What Drivers Need to Know About Deer Season and Car Insurance
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Deer-car accidents can cause injuries, damage and even death, and are more likely to happen in late fall, when hunters are out and animals are on the move. In addition to endangering your health and property, an accident involving a deer can cost you thousands of dollars out of pocket if you don’t have the right kind of car insurance.
About 1.5 million deer, elk and moose are struck each year, causing more than $1 billion in insured losses and affecting about one in 169 drivers, according to the National Association of Insurance Commissioners and State Farm. Collisions peak in November, the height of hunting and mating season. The average cost per insurance claim is $4,135, according to State Farm. The insurance company also noted that animal collisions caused 191 driver or passenger deaths in 2013, the latest year for which data was available.
If you do strike an animal, damage to your car will be covered only if you have comprehensive insurance. If you lease your vehicle or have a car loan, your lender likely requires you to have this type of coverage. Comprehensive coverage is strongly recommended for all drivers, unless your car has very little value.
[How much would you pay for comprehensive coverage? Compare prices with NerdWallet's car insurance comparison tool.]
Collision coverage (which generally is sold as a package with comprehensive) won’t pay for damage caused by hitting an animal. However, collision could apply if you swerve to miss an animal and hit something else instead, such as a fence.
Lori Vance, a State Farm agent in Morgantown, West Virginia, says drivers too often buy just the minimum auto insurance required in the state. In West Virginia, the minimum is liability and uninsured motorist coverage. That puts many West Virginia drivers at risk, especially because they face a 1 in 44 chance of striking a deer, elk or moose, the highest rate in any state.
West Virginia topped State Farm’s list of states for collisions with deer, elk and moose for a ninth year in row in 2015, based on claims data, animal population levels and other factors.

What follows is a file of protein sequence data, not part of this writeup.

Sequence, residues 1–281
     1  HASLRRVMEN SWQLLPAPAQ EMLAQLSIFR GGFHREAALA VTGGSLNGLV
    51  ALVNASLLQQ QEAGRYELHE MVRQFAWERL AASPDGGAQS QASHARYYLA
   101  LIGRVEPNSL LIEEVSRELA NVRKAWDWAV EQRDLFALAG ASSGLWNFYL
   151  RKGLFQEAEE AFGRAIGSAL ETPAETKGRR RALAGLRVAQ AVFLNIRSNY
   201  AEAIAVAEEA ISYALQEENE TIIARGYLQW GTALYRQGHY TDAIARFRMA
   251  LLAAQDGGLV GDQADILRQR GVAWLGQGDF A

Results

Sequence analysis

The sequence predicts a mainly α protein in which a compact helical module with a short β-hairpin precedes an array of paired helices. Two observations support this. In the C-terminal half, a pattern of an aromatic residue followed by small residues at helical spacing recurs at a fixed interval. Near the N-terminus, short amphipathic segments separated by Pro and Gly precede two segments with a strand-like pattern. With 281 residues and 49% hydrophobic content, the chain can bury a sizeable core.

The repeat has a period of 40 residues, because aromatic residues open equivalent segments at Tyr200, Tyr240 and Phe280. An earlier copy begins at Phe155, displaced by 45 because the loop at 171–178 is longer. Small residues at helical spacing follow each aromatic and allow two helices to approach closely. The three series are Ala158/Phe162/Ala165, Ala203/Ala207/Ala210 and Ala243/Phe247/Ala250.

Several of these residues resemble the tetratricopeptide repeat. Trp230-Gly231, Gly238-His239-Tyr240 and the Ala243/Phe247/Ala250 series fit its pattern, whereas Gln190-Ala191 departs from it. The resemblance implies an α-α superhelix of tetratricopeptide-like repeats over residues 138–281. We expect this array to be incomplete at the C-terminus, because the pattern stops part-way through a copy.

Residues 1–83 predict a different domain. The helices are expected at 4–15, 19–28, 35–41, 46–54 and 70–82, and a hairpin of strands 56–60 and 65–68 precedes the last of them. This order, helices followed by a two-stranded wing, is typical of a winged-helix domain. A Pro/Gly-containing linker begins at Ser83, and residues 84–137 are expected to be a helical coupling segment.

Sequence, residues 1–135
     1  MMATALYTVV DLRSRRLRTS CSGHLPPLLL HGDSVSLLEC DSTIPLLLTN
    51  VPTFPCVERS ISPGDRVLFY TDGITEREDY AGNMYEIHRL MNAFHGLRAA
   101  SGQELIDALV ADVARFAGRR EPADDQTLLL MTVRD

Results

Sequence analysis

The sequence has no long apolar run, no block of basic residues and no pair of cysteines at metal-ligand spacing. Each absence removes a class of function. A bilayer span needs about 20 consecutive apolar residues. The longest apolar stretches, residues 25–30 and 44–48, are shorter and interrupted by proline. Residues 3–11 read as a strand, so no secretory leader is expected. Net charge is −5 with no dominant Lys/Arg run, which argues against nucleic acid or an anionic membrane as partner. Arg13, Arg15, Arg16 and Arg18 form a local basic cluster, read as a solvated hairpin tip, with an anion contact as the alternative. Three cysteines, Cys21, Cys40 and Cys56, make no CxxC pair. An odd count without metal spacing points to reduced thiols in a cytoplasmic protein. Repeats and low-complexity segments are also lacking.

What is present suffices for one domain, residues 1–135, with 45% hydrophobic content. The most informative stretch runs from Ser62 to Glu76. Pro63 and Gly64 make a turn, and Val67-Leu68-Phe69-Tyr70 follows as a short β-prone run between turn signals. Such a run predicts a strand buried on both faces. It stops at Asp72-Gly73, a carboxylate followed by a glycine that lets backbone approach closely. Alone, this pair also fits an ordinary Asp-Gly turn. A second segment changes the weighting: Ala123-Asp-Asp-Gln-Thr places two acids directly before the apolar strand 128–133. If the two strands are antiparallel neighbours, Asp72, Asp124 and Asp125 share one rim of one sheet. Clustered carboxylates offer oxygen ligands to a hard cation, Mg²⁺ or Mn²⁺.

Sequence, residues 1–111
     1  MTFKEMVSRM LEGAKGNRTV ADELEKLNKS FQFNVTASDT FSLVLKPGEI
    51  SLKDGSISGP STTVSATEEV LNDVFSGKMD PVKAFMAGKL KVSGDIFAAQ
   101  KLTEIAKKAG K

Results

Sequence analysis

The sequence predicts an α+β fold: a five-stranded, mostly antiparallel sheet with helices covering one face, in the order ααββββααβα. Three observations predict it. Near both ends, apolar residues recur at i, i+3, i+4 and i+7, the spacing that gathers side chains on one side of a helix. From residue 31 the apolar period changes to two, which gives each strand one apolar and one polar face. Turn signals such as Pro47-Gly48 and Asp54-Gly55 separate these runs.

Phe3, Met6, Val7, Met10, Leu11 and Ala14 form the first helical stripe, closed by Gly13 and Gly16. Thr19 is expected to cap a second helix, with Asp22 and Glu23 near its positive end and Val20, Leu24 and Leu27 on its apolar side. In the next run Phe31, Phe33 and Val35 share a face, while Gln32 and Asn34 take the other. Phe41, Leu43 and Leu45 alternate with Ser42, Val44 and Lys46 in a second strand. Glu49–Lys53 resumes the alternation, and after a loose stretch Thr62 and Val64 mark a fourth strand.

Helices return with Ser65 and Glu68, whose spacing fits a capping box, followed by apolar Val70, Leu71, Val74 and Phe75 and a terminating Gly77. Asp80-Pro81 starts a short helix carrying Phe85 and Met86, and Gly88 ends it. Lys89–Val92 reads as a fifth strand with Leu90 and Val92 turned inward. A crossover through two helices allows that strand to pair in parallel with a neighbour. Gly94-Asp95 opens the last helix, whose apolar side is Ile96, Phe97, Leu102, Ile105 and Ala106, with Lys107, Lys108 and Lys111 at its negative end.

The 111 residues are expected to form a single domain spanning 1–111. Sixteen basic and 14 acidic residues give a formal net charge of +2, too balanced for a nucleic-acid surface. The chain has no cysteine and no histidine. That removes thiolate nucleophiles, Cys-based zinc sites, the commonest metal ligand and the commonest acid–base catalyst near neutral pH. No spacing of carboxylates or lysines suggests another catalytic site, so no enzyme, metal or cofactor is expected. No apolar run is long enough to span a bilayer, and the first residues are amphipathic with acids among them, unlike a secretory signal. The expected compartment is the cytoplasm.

“People are in the mindset that ‘nothing will ever happen to me.’ They don’t want to pay for something they think they’ll never need,” Vance says.
Comprehensive coverage generally adds $160 to $300 to annual car insurance premiums in her area, she says. You can lower the cost of coverage by choosing a higher deductible, which is the amount you will be responsible for on any claim.
The trouble spots
Even though West Virginia is No. 1 for deer, elk or moose crashes, the risk for drivers there has decreased from last year’s 1 in 39 chance, according to State Farm. Here are the five states where you are most likely to have a collision with a deer, elk or moose, according to State Farm:
West Virginia (1 in 44 chance)
Montana (1 in 63 chance)
Iowa (1 in 68 chance)
Pennsylvania (1 in 70 chance)
South Dakota (1 in 73 chance)
It’s not unusual for deer-accident rates to change every year. Factors that affect the odds include deer population levels, winter weather, and new or improved roads with higher speed limits.
While November is the peak month for collisions, you’re also more than twice as likely to hit a deer in October, November or December than in other months of the year, according to State Farm. These months are breeding season, which means males are traveling widely in search of females. Some herds also migrate during this time.
How to improve your odds
You’re more likely to hit a deer in the hours from dusk until dawn, when the animals are most active. Improve your safety with these tips:
Be extra careful when driving in areas known to have many deer.
Deer often move in groups, so if you see one animal, slow down and look for others.
Use high beams at night unless there is oncoming traffic.
Do not swerve if you see a deer. Doing so could send you off the road or into oncoming traffic.
If the worst happens
Sometimes an accident is inevitable no matter how careful you are. Deer can dash out from cover with no warning, giving you no chance to stop.
If you hit a deer:
Move your vehicle off the road and turn on your hazard lights. Call the police. If possible, take pictures of the scene and any injuries to passengers or damage to the vehicle, for insurance purposes.
If the animal runs away after the accident, get a picture of hair or blood on the car to show that a deer was involved. Use this evidence to have the accident processed under comprehensive coverage.
Get contact information from any witnesses, especially if the animal runs off. If witnesses are able to wait, ask them to report what they saw to the police.
Even if you think the damage is minimal, check to be sure your vehicle is safe to drive. Look for tire damage, broken lights, fluid leaks or loose parts. You may need to call a tow truck.
Do not approach the deer, even if you think it’s dead. A wounded animal could injure you.
All of us are at some risk for hitting deer because they can be found just about anywhere, even in Manhattan. The right insurance policy plus defensive driving skills can greatly reduce your chances of injury and uncompensated expense. Do you need comprehensive coverage? NerdWallet's car insurance comparison tool makes it easy to compare rates.
Donna Freedman is a former contributing writer for NerdWallet.